With their awkward, lumbering gait, elephants moving at high speed are not the most graceful of animals - but are they walking or running? Now scientists believe they have an answer: new research confirms that they do both - at the same time. By observing elephants moving across a hi-tech track, the team found the hefty creatures run with their front legs but walk with their back legs. VIDEO .
He only misplaced a single letter but it was one “L” of a costly mistake for the general manager of the Chilean mint. Gregorio Iñiguez and several other employees have reportedly been sacked after they minted a set of 50-peso coins with the name of their nation spelt incorrectly. The coins, worth six pence, were released into circulation with C-H-I-I-E stamped on the front where it should read C-H-I-L-E. The coins have since become collectors' items and the mint says it has no plans to take them out of circulation. People have reportedly been hoarding the coins in the hope their value rises. But the mistake has cost the mint's general manager, Gregorio Iniguez, and several other employees, their jobs. It is not the first embarrassing blunder at the Chilean mint. Last October, someone there sold a rare medal, which should have been housed in the institution's museum, to a coin collector. A month later, another medal - this one bearing the face of the country's then President Michelle Bachelet - was inadvertently sold on the open market. .
A Russian farmer has been convicted of planting landmines around his field to ward off trespassers. Alexander Skopintsev, from the eastern region of Primorye near China's border, laid the three devices on his land after building them in his garage. The 73-year-old had apparently been concerned about the frequent theft of potatoes from his farm. He was arrested after an intruder set off one of the tripwire-style mines in August and was injured in the blast. Skopintsev was convicted for the unlawful construction and storage of weapons and received a two-and-a-half year suspended sentence. "Skopintsev testified that he had prepared the explosive devices to protect his garden against thieves," regional prosecutors said in a statement reported by RIA-Novosti news agency.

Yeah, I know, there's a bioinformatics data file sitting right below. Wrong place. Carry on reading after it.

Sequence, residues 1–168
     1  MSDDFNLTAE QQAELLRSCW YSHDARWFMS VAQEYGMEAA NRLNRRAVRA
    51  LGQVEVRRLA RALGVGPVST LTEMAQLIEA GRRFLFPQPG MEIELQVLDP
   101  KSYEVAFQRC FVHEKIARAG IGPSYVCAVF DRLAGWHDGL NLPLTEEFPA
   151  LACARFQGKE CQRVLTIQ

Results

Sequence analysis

Hilary Taylor was left a rather unusual part of her uncle’s estate when he died – 3,000 watering cans. Ken Stickland – known as Watering Can Man – filled his shed, greenhouse, garden and even an entire floor of his house with his beloved collection. Mr. Stickland – who died last month, aged 78 – even kept a meticulous record of every watering can, including many he made himself. ‘I have heard of people collecting teapots or stamps... but this?’ ‘He was such a fascinating person. He started his collection in 2001 but I have no idea why. I suppose it kept his mind occupied and he had something to get up for. ‘Nearly every charity shop in the area knew him because he was always looking for watering cans. ‘He did not have a favorite, he just loved them all. Sometimes he would come home to find people had left them on his doorstep.’ Mrs Taylor admits she doesn’t know what to do with the collection and may sell it in aid of charity. One particular can will be always special though – as her uncle’s ashes are held in it. .
You may wonder why I used this flag for a picture. I have another "All Family" blog tied to this blog and what image I use has to be appropriate for that blog. Otherwise one image two blogs. It’s called FUNNY & MORE. Feel free to check it out but remember it's an "All Family" blog so if you post a comment NO SWEARING
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